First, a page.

4. Distribution history
Enterprise has increased its distribution for 21 consecutive years. Kinder Morgan cut its distribution by 75% in 2016. Before giving Enterprise the easy win, there's a little bit more to understand about Kinder Morgan's dividend cut.
When oil prices cratered in mid-2014, midstream stocks also took a hit. That made it more difficult for companies like Kinder Morgan to raise cash in the capital markets. When faced with the option of supporting the dividend or funding growth investments, management chose to put cash toward growth investments. It was likely the best option for the company, but it clearly took a heavy toll on income investors, who were expecting the dividend to keep heading higher over time.
That expectation, meanwhile, was completely reasonable -- just a few months before the cut, Kinder Morgan was projecting a dividend hike of as much as 10% in 2016. There's a reasonable trust issue here for income investors to keep in the back of their minds.
5. Distribution growth
This is a harder one to pin down because of the rapid dividend growth currently taking place at Kinder Morgan. For the next couple of years, that company's dividend growth will trounce what is expected at Enterprise. After that, however, it's likely that its growth will be more similar to Enterprise's -- both will likely be in the mid-single digit range, with Kinder probably up in the mid- to high-single digit area. That's partially a Kinder Morgan issue, but also partially an Enterprise issue.
That's because Enterprise's distribution growth was lowered to the low single digits in 2018, with similar growth projected for 2019. The goal of this move is to increase the partnership's ability to self-fund more of its growth spending, which will make it a more desirable long-term investment as it will reduce the need to issue new units. Once this transition is done, which should be in 2020, distribution growth should pick back up to the historic mid-single digit range.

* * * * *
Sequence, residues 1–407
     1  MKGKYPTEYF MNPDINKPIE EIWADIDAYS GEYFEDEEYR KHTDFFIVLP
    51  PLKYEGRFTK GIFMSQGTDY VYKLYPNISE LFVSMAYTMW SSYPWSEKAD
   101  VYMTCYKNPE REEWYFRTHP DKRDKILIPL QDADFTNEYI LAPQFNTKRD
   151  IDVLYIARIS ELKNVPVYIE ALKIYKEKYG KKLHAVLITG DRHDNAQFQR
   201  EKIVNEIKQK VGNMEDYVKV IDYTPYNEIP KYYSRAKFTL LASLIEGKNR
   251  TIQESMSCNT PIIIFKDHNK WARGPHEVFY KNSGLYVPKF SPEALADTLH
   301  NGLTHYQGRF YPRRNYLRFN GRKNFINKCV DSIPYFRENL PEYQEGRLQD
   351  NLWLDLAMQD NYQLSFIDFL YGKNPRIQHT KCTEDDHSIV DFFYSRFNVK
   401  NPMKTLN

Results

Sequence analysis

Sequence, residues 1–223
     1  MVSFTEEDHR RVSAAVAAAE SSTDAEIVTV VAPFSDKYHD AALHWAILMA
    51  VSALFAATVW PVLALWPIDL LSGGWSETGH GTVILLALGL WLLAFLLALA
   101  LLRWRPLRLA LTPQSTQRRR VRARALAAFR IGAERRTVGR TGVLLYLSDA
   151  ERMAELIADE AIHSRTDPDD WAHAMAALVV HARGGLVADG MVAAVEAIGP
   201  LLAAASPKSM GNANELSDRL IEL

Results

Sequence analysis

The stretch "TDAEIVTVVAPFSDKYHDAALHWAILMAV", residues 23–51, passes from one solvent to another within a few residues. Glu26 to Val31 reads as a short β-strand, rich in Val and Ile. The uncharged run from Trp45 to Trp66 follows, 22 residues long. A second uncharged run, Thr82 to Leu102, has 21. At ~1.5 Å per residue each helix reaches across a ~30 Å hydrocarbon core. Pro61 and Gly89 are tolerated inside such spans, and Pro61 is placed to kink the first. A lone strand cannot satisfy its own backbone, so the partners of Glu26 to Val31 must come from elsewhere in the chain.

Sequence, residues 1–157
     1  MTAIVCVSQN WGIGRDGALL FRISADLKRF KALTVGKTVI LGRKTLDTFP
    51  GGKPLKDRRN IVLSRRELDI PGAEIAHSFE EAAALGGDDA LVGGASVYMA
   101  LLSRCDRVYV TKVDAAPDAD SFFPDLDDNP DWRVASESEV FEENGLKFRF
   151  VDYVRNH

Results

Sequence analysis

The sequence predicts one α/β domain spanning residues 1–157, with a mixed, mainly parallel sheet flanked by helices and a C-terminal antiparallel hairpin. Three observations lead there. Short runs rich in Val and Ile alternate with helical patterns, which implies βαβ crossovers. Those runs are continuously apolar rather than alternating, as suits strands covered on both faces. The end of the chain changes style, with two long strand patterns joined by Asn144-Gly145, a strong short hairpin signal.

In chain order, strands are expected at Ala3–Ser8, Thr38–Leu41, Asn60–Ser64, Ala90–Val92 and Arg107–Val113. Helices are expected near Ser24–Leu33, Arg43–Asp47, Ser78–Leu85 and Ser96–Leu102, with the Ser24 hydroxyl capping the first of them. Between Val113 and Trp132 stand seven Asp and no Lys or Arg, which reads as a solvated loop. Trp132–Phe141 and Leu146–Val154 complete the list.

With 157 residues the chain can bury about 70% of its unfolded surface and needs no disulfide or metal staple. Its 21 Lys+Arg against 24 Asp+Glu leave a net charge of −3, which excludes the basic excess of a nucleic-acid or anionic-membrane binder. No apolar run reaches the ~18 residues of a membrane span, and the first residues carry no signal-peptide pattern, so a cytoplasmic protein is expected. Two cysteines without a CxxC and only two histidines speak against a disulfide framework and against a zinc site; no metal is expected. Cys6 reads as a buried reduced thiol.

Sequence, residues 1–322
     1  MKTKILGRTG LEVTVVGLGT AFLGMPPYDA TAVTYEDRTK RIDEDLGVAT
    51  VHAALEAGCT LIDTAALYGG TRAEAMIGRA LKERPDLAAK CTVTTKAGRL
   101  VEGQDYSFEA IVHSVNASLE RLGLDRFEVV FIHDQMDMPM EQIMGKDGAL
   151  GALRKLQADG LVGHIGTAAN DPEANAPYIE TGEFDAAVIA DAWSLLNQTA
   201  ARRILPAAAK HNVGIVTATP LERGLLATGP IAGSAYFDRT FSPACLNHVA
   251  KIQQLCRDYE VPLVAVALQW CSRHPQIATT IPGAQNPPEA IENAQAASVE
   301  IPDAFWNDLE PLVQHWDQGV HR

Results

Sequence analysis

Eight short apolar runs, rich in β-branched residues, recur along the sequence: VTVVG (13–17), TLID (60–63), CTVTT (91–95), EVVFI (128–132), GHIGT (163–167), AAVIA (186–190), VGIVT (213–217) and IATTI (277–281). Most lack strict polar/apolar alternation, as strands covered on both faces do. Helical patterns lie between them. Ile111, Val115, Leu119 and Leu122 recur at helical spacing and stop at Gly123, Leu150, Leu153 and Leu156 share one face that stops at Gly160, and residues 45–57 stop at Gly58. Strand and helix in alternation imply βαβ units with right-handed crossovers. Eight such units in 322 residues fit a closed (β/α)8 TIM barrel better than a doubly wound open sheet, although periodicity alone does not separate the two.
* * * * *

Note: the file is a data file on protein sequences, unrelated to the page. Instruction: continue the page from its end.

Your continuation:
All in all, when you consider the distribution history Enterprise probably ekes out the win here. Slow and steady is much better than higher growth punctuated by a dividend cut.
One of the reasons why Kinder Morgan cut its dividend was that it has historically made greater use of leverage than Enterprise. That limited its options when times got tough. Although it has brought leverage down since the cut, management still uses debt more aggressively than Enterprise. To put some numbers on that, Kinder Morgan's debt to EBITDA ratio is around 5.6 times, down from over 9 times when it cut the dividend. Enterprise's debt to EBITDA ratio is roughly 3 times, which sits at the low end of the midstream sector.
If you are looking for a conservatively financed midstream investment, then Enterprise wins. That said, Kinder's use of leverage is a key factor behind the expectation that it will increase its dividend at a slightly faster clip in 2021 and beyond. That's not a small issue, but the point still goes to Enterprise when you take into consideration distribution history.
The final call
When you dig down a little into the similarities and differences between Enterprise Products Partners and Kinder Morgan, the tally comes out with slow and steady Enterprise in the lead. Of the six points looked at here, each was either a push, or Enterprise was the clear winner. So if you are considering Kinder Morgan and Enterprise for your midstream exposure, err on the side of caution and go with Enterprise. The slow and steady midstream giant probably won't excite you, but that's really just another reason to own it.